June 7, 1995 in Nation/World

Move Over, Aspen Snow Country Magazine Heralds Virtues Of Sandpoint

By The Spokesman-Review
 

Forget the glitz of Aspen, Vail and Jackson Hole.

Americans are in search of affordable, uncrowded ski towns that ooze culture and outdoorsy lifestyles.

Sandpoint has all of the above, according to Snow Country Magazine.

This city of 6,000 and Schweitzer Mountain Resort made the magazine’s list of eight promising places to live and play in the Rocky Mountain West.

“If you move to Sandpoint, your primary dilemma will be whether to invest in a sonar-equipped fishing boat or a new pair of skis,” the summer issue of the magazine said.

“No sooner are skis stowed than it’s time to haul out the golf clubs, bikes and fishing gear. The mild weather has earned the area its ‘banana belt’ nickname.”

Banana belt is an exaggeration, admitted Bill Mullane, Schweitzer’s communications director.

A blizzard hit Schweitzer Tuesday, dumping several inches of snow on the resort’s summer season.

“I wouldn’t call this banana belt weather. You have to be a pretty hardy and stout person to handle snow in June,” Mullane said.

The resort had 50 seniors at an Elderhostel program who braved a llama hike Tuesday through the snow.

Just last week, skiers were hiking to the backside of the mountain to take a few runs while in town people boated and biked.

The magazine not only touted Schweitzer’s slopes, it fawned over Lake Pend Oreille (Idaho’s largest), the restored mission-style Panida Theater and the Festival at Sandpoint concerts, drawing the likes of Lyle Lovett and Willie Nelson.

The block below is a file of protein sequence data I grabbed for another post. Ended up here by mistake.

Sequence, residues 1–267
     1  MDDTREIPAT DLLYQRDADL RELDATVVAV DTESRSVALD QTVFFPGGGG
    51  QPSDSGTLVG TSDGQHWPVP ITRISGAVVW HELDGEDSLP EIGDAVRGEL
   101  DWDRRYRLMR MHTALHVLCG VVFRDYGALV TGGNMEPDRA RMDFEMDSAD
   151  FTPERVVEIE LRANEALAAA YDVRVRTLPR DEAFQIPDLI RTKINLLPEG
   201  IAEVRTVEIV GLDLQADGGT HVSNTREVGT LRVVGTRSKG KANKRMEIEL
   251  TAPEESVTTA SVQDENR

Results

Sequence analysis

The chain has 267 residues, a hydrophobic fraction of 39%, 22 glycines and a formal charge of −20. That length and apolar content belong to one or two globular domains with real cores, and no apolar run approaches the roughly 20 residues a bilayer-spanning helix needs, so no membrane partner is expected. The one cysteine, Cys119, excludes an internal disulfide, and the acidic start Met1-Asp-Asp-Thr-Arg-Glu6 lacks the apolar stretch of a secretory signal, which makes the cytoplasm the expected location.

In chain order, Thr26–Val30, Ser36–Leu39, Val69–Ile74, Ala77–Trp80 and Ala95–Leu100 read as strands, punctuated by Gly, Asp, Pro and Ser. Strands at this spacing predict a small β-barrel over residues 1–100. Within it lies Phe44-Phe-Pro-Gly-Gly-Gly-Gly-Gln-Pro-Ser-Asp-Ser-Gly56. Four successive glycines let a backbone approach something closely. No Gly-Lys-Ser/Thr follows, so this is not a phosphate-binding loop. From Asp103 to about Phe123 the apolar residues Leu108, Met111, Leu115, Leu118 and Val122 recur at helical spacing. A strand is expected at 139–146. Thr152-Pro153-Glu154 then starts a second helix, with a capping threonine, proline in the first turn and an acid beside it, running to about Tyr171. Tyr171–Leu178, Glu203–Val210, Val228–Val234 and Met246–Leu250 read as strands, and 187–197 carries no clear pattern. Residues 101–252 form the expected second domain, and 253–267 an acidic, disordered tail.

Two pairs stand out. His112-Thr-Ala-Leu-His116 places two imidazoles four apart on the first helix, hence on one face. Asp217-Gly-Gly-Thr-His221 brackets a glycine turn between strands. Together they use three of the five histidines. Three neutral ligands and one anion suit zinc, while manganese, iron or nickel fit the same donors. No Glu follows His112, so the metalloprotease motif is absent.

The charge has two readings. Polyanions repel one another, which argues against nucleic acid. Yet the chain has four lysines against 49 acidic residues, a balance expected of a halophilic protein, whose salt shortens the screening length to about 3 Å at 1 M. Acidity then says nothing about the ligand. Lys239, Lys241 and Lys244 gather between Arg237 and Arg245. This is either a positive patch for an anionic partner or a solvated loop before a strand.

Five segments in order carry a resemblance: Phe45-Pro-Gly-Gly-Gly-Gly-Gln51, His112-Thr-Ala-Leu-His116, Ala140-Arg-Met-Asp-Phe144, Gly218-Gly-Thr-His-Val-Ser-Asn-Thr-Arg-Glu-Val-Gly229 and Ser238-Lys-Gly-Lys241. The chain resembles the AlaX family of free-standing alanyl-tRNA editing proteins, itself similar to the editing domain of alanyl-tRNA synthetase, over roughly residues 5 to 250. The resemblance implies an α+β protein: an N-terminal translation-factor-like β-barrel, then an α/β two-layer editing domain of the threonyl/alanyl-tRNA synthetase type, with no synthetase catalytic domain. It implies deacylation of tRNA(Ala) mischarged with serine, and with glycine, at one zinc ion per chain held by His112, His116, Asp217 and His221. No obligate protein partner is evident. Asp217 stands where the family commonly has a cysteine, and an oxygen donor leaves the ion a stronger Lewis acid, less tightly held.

It also said an average home, priced at $150,000, was a bargain compared to a $1.7 million singlefamily abode in Aspen.

“This is the kind of publicity we like to get,” said Sandpoint chamber director Jonathan Coe.

Other residents don’t get as excited about their secret being featured in a magazine mailed to more than 473,000 homes.

There’s always a segment that wants to close the gate behind them and keep Sandpoint small and quaint, Coe said.

But what concerns him more are the people who read about Sandpoint, pack up and move expecting to find their personal paradise.

“Sure it’s wonderful, but folks coming here without any idea of how to make a living can be disappointed.”

, DataTimes ILLUSTRATION: Color Photo


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